Tuesday, May 17, 2005

On wine and filesharing

I love music and I love wine. That's why I've been pondering the similarities between the wine direct shipment controversy and the whole P2P filesharing hullabaloo. Both of these things are controversies for the exact same reason: the internet fucks with distributors and distributors don't like that.

First music. U.S. Copyright law exists to promote the progress of art. That is, we give an economic incentive to artists by granting them monopolies on their art for limited times, which hopefully induces them to make more art. But, see, artists are kind of single minded individuals. The economic incentive theory only works if in fact artists want to sell their art for money. Most artists would rather make their art then spend time trying to sell it. In economics this is called a transaction cost. Traditionally, the transaction costs associated with producing and marketing music have been high. That's why most of the time copyright only indirectly benefits the artist. They can assign their copyright to a middleman (e.g., record label who then gives a cut to the distributor) in exchange for the middleman doing all the boring marketing stuff. All is well in the world. Record labels and distributors become rich and powerful. Musicians do not, but they still make their records because what else are you going to do? Along comes the internet. This fucks everything up because suddenly transaction costs are reduced dramatically. Huge paradigm shift which sends the record industry reeling. The middlemen are suddenly obsolete, or at least their role is dramatically altered. Their only recourse is to lobby for copyright laws that can force us all to keep the status quo. Lucky for them they have the force of the Constitution Art. I, sec. 8, cl. 8 (the copyright clause) to help them along.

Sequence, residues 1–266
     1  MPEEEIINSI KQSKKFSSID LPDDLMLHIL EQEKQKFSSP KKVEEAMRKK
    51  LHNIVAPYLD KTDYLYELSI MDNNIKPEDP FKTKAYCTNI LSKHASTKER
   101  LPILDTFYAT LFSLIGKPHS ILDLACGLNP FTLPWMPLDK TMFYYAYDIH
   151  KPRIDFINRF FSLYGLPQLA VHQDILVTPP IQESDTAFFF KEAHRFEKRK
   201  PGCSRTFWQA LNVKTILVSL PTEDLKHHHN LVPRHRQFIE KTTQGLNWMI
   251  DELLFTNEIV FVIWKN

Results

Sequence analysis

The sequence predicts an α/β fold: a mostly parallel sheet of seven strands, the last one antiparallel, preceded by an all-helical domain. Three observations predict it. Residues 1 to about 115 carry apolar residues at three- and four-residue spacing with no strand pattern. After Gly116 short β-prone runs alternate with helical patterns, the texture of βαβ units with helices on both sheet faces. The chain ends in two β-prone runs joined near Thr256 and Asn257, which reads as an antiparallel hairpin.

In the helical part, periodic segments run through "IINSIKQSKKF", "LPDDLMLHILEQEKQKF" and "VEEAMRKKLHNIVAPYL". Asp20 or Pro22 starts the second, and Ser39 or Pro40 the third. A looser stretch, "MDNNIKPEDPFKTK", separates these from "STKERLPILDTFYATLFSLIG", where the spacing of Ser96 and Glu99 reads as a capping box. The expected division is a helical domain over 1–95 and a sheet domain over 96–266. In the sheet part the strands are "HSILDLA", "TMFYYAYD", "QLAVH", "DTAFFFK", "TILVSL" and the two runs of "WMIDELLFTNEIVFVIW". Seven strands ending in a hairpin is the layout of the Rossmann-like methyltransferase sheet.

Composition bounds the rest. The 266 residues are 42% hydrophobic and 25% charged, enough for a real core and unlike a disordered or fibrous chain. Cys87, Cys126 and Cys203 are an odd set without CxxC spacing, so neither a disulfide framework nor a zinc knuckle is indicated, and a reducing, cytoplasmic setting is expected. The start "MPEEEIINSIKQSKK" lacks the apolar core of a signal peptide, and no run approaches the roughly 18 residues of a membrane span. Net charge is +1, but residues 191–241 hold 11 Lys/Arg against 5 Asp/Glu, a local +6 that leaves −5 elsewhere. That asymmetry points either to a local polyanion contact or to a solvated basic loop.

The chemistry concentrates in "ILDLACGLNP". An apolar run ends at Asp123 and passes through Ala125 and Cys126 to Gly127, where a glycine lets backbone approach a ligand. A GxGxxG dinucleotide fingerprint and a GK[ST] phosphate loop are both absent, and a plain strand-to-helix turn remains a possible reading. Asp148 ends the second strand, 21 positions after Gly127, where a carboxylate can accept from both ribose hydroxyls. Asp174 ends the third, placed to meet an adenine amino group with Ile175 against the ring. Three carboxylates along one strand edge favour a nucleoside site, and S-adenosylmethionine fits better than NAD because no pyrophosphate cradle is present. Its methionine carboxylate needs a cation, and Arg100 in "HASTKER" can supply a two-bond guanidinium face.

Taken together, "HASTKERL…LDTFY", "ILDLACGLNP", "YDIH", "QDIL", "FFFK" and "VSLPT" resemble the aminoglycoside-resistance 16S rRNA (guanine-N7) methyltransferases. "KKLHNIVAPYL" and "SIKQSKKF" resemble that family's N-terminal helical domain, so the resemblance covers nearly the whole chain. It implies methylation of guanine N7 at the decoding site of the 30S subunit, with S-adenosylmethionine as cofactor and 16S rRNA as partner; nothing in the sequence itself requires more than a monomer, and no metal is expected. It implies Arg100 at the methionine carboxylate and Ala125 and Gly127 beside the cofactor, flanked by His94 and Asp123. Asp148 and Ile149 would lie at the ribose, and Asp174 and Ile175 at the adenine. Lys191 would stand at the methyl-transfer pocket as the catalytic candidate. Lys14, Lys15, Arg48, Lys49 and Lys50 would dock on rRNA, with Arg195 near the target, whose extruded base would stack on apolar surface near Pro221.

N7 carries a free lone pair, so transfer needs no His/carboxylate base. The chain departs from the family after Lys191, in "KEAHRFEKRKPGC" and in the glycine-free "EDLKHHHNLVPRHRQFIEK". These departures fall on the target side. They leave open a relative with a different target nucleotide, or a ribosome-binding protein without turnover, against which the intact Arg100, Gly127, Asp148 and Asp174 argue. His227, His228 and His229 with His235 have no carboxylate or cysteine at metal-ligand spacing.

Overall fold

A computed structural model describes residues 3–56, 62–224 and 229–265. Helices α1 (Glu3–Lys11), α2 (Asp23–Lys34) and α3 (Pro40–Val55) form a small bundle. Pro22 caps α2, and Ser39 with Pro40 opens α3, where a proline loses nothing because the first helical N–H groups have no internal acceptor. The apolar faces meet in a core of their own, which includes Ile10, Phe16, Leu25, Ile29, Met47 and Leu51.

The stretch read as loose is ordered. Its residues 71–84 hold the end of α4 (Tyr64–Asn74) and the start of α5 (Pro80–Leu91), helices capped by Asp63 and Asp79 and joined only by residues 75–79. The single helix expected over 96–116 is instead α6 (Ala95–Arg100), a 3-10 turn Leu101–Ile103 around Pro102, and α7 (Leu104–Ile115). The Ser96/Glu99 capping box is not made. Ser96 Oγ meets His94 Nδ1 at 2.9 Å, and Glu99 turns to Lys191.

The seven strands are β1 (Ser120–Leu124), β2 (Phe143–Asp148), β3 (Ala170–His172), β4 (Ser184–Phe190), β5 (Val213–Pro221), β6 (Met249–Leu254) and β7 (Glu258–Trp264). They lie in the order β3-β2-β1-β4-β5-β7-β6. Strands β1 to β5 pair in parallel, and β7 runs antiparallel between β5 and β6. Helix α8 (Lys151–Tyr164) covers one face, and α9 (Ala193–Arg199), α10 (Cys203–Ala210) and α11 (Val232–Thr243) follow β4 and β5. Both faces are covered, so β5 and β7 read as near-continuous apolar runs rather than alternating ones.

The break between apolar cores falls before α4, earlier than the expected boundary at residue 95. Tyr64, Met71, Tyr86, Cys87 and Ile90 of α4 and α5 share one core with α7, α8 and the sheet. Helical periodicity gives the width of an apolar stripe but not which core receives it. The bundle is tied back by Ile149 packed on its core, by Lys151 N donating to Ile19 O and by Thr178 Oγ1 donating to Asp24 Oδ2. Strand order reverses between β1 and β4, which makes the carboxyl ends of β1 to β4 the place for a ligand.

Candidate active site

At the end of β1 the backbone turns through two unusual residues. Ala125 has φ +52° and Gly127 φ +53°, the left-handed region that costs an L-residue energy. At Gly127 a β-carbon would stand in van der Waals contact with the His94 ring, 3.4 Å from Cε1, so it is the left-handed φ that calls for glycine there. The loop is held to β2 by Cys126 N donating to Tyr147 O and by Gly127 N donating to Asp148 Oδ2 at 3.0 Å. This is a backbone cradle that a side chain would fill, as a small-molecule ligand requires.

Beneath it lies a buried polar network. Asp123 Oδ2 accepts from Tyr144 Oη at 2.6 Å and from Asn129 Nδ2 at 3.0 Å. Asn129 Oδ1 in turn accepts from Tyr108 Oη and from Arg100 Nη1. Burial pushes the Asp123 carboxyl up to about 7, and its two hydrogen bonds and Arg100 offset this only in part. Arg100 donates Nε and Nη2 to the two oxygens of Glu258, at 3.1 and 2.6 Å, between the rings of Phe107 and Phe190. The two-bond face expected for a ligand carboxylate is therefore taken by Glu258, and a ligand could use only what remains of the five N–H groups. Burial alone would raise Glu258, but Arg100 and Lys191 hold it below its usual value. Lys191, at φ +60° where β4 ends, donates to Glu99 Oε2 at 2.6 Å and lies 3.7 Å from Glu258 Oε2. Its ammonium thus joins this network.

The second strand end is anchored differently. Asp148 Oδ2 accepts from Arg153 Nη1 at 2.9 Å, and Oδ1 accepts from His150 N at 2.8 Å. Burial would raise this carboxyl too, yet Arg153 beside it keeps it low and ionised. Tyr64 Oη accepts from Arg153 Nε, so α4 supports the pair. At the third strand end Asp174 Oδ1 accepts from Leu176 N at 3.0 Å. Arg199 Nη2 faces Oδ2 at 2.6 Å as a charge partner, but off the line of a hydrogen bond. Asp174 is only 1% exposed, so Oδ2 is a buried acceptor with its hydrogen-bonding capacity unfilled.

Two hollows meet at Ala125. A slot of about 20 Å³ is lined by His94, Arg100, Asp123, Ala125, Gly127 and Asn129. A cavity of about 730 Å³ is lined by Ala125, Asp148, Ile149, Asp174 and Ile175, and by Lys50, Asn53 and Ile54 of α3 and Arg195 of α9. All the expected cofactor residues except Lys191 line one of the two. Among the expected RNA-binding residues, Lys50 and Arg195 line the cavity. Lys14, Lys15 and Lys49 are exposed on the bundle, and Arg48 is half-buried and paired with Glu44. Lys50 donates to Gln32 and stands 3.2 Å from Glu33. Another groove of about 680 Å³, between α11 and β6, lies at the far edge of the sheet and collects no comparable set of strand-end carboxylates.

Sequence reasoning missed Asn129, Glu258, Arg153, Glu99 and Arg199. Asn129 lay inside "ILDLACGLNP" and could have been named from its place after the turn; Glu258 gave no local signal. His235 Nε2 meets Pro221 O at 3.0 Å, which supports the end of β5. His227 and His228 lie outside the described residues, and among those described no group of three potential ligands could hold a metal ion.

Same shit with the wine industry. We can think of small wine producers as artisans much more interested in making good wine than doing all that boring marketing shit. But, they gotta sell their wine. Enter the distributors. Both large and small winemakers were entirely dependent on distributors to get their wine in the hands of consumers. Distributors became big and powerful. But, enter the internet. Suddenly transaction costs for getting wine to consumers drop. Small wineries can market their wine and ship directly to consumers with ease. Distributors freak out. They lobby states to prohibit direct shipment of wine, couching their reasons in terms of harm to minors. Lucky for them, they have the force of the 21st Amendment to help them along. But, at least here, the Supremes have said that the Dormant Commerce Clause trumps the 21st amendment. However, the Dormant Commerce Clause only means that whatever action states take to regulate alcohol can't be discriminatory. That means if they allow direct shipment by instate wineries, they also have to allow direct shipment by out of state wineries. Of course they could always prohibit direct shipment completely, and only allow wine to be sold through distributors. What do you think the distributors are going to lobby for?

On second thought, I'm not so sure I'll be sending wine to Virginia any time soon.


Blogger Crapartist said...

Why is the relationship between the law and people's motivations so heterodox? It seems like many laws, presumably created for given reasons, are flagrantly used by people for personal gains. Should we not stamp that shit out? If we did, would it bring the whole economy down around our ears?

8:37 PM  
Blogger great sandwich! said...

The law is made by politicians. Except for common law--which is made by activist judges :)

In the case of copyright law, it is literally written by corporations and Congress just takes it as is!

7:41 AM  

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